-27 -


SEMANTIC ARCHITECTURE OF THE REGION SURVEYED


This plate shows semantic architecture in the region surveyed by the author. Influenced by central Shinto theology, Japanese ethnology (or folklore) classified the corresponding Shinto cults as 'fire festivals' (himatsuri). It was maintained that the cult associations of the farmers build these signs as physical representations of the local deities. Thus the deities were conceived physically present in the local cults. At the end of the ceremonies, the cult signs were burnt, the spirits of the deities "sent to heaven".

One main reason to do this survey into 100 villages of the Omihachiman region near Biwa-lake (Egenter, Semantic and Symbolic Architecture (1980 in German, 1995 English) was to demonstrate that not the fire was the essence of these cults, but the fibroconstructive tradition. This could be clearly documented: semantic architecture is the true nucleus of these cults. Its semantic and symbolic qualities provide the basis for the socio-territorial functions of the cults. And, the built forms themselves provide the high local values: they are age old structural prototypes or models of the 'design' of the local world.

-28-


TIME MACHINE


-29-


NESTBUILDING BEHAVIOUR OF THE HIGHER APES

A short detour regarding the anthropological implications of fibroconstructive behavior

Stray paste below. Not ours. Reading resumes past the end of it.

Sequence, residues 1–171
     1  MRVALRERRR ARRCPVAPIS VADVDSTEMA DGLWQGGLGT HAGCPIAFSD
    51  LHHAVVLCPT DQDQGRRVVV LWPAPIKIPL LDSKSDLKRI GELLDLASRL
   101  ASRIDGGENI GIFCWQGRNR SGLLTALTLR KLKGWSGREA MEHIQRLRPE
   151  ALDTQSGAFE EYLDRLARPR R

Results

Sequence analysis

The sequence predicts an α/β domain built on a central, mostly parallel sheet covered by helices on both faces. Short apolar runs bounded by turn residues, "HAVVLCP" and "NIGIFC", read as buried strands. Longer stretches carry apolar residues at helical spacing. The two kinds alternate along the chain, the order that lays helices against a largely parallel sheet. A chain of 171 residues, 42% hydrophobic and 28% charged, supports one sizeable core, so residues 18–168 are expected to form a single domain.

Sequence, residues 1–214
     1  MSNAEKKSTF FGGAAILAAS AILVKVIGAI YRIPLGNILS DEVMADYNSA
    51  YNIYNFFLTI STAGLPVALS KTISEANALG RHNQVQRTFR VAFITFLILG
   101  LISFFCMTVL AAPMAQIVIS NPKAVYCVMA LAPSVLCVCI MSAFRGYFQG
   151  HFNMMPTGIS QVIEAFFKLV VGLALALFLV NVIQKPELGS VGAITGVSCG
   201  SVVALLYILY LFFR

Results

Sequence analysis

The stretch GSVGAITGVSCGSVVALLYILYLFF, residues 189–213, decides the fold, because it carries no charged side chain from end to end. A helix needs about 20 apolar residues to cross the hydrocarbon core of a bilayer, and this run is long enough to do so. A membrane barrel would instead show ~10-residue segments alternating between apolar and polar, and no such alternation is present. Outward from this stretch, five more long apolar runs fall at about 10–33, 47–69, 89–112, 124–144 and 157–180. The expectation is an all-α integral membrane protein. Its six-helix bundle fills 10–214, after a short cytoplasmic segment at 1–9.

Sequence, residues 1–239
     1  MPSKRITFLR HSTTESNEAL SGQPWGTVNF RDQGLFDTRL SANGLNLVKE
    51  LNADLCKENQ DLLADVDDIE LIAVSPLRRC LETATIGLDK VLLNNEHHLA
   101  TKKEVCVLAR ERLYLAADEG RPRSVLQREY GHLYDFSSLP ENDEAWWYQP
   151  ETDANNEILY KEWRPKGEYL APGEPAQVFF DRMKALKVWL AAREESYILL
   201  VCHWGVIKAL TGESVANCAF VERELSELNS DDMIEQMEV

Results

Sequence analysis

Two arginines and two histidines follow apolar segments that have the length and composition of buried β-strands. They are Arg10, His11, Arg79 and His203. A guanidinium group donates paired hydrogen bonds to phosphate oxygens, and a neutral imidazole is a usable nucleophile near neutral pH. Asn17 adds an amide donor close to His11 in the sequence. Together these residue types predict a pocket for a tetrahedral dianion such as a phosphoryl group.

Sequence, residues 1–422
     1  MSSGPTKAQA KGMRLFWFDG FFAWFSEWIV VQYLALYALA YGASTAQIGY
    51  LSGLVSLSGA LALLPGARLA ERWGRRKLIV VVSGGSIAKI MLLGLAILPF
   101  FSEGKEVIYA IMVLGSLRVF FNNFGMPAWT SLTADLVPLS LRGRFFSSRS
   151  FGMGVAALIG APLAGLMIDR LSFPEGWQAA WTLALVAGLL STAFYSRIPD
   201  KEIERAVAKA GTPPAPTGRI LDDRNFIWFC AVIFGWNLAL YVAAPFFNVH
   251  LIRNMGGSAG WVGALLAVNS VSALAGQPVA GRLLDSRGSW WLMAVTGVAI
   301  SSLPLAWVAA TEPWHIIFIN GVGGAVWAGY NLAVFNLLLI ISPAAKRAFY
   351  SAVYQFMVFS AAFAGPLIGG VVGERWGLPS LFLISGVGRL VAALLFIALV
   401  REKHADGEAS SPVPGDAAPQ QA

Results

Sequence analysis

There is another indicator to assume that this 'fibro-constructive' technique of building

has very deep roots

in the human past:

Chimpanzees, Gorillas and Orangutans,

our closest physical relatives,

build nests,

a fact that has not found enough consideration

in cultural anthropology.

If we put all the nests of one individual - his lifetime-work - one on top of another,

we would receive a tower

eleven times the height

of the Eiffel-tower in Paris.

Influenced by the 'man the tool-maker' idea, most anthropologists were fixed on the 'hand-tool-product' relationship

but, in the case of nestbuilding behavior of the great apes,

the relation is '

hand-product':


THE HAND WAS THE FIRST TOOL!


-30-


YOUNG ORANG UTAN BUILDING HIS NEST ON TOP OF A PALM TREE


16 meters above the ground a young oranutan builds his nest in the top of a betelpalm. With his feet he holds the stronger materials of the bottom, while with his strong arms he is interweaving twigs to a stable form. It takes him about 5 minutes to build his nest which keeps him protected for one night (acc. to Galdikas-Brindamour/Brindamour 1975).

-31-


SKETCHES OF APES-NESTS DRAWN BY OBSERVERS IN THE FIELD


The following plate shows a grown-up chimpanzee female building her nest in the top of a palmtree (acc. to Goodall 1962)